What are medical interviews?
The medical interviews are an increasingly important part of the selection process for medical places. They are often weighted equally with a student’s ATAR and UCAT results, and in some cases, are considered a stronger indicator of the personal qualities, communication skills and critical thinking required in the medical profession.
A study conducted by an Australian medical school asked members of the community what they wanted to see in their ideal doctor.
Interestingly, the vast majority of responses painted the picture of a doctor who is caring, empathetic and listens to their concerns – not just a highly intelligent person.
Given the growing trend of added complexity in medical school admissions, it is not uncommon to see academically strong students being unable to secure a place in medical school due to poor interview performance.
The format of the medical interviews depend on each university, but generally fall under either the Multiple Mini Interview (MMI) or traditional panel formats. Scroll to the bottom for a summary.
MMI (Multiple Mini Interview)
The MMI format involves a series of consecutive ‘stations’. Each station tends to focus on several themes, and the candidate may have between 6-8 minutes to answer questions, in addition to 2 minutes of reading time. The candidate then moves to the next station, completing the remainder of the circuit in this fashion. Some stations may require students to speak about a certain topic, while others may place them in hypothetical scenarios to see how they behave. Common themes include rural and indigenous health, and ethical decision making. Candidates are usually graded by one examiner per station and may occasionally deal with a simulated patient or other actor, depending on the university.
The MMI closely reflects the format of the clinical skills examinations used in medical schools and Australian specialty colleges, known as OSCEs (Objective Structured Clinical Examinations). The MMI is a high-pressured, time-critical environment that in many ways simulates the pressured situations a medical professional will encounter. MMIs call for a candidate to hone their critical thinking and time management skills, as well as their ability to cope under pressure and be resilient.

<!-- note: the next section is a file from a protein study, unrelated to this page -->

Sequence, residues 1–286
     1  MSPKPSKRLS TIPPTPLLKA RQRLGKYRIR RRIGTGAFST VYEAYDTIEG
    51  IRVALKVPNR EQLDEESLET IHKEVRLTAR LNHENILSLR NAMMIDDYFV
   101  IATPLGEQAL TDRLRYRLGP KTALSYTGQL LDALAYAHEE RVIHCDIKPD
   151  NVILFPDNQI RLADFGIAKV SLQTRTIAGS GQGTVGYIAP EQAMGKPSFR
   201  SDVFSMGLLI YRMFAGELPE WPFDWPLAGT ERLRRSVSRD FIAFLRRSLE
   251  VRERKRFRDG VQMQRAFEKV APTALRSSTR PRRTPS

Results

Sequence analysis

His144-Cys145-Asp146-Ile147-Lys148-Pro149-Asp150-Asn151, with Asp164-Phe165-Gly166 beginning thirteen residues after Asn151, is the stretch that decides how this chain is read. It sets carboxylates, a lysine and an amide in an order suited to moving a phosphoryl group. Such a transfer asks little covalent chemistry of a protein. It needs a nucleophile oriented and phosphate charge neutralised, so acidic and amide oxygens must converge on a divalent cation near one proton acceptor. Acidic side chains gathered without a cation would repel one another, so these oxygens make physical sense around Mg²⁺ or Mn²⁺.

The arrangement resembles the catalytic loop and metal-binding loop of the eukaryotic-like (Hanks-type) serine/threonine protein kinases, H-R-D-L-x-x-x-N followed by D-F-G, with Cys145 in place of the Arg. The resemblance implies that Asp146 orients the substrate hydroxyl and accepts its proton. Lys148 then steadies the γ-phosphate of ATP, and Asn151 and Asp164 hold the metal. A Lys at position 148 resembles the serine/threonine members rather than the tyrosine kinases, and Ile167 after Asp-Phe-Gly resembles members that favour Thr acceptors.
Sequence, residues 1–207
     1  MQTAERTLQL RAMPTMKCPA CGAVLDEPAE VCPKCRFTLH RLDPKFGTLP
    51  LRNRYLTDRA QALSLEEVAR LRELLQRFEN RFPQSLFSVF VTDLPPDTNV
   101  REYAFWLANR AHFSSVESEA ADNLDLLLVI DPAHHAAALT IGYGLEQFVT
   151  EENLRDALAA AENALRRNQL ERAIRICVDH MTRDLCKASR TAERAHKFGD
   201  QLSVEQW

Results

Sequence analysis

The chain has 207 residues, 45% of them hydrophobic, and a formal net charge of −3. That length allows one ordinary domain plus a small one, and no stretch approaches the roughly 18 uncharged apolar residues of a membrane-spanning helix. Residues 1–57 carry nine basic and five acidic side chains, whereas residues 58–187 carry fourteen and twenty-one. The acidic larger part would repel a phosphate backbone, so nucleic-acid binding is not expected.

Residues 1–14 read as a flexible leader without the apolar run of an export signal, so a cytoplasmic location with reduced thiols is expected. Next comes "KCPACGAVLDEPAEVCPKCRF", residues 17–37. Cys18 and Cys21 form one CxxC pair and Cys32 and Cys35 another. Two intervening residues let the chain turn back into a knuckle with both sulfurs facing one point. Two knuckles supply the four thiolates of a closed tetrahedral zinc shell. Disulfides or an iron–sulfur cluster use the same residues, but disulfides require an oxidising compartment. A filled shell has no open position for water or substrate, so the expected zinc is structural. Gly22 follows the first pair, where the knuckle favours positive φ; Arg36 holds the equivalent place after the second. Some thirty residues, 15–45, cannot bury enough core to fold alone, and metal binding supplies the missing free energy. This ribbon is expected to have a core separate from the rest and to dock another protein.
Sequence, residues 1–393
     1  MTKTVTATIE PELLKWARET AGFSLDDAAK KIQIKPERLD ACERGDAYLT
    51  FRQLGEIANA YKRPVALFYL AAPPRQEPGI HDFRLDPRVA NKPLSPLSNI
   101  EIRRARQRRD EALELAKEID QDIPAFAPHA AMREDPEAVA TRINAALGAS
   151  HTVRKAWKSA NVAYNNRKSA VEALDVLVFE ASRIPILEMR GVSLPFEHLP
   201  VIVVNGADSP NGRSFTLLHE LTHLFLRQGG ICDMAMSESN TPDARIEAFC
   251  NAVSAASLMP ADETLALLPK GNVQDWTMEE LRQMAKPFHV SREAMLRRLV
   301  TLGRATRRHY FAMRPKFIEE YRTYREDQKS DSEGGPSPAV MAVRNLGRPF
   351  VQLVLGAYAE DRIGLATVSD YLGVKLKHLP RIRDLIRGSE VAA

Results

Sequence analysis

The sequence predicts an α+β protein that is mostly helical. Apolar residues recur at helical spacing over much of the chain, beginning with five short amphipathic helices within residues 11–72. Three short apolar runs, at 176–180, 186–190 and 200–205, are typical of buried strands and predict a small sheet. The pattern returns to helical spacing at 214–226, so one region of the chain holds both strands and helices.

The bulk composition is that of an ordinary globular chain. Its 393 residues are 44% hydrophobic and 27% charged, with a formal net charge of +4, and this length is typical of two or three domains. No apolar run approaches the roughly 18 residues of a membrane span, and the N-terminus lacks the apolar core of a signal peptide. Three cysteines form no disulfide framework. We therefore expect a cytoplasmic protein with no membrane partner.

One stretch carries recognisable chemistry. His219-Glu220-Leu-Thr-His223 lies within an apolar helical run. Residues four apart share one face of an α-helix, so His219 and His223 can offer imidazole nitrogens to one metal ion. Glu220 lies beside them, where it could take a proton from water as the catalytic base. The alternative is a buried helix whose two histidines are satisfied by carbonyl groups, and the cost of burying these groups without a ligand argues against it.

An additional challenge of the MMI format is the mental contest of moving on from one station to focussing on another despite how they feel they are performing. It can be exhausting to continually build rapport with new examiners. This highly beneficial life skill can be difficult to develop! On the other hand, if a candidate feels they performed poorly in one station, they can start completely fresh in the next one. This can be extremely rewarding for many candidates!
The number of stations and allocated time per station may vary between universities, however, the skills described above are universal to all of them.
The traditional panel interview format involves a more relaxed environment without the same time pressure of MMIs. Candidates usually speak to the same set of examiners for the duration of the interview, although in some cases it may be split between 2 separate panels. The size of the panel may vary between universities, but typically involves 3 interviewers who come from specific backgrounds. For example, there may be a medical professional, an academic, and a member of the community.
The panel format often involves ‘getting to know you’ questions. Questions tend to be asked one by one by each examiner, and there is usually no allocated reading time. That being said, interviewers commonly allow candidates a few moments to gather their thoughts and think about the scenario before speaking. However, there is a fine balance between rushing into a station and taking up an awkward amount of time in silence. The themes of questions in a panel interview can be similar to the ones asked in the MMI format, however the particular way they are asked can vary between the styles.
The challenge with the panel format is that it can be difficult to recover from making a bad impression, although it is definitely possible! However, it is important to keep in mind that interviewers understand the stressful nature of a high-stakes medical interview and will therefore try to keep an open mind. One advantage of the panel format is that once a good impression is made, it can keep a candidate riding on that confidence. There is also more time for a candidate to feel comfortable with the panel, which can help in building rapport. This can really benefit some candidates!
- Consists of multiple interview stations
- Each station lasts 6-8 minutes +/- reading time
- Common themes include rural and indigenous health, and ethical decision making
- Closely resembles the examinations undergone by medical students and doctors
- Usually only one panel of interviewers
- No reading time
- No time pressure
- Common themes include the student’s past experiences and motivations for studying medicine
- More closely resembles a job interview
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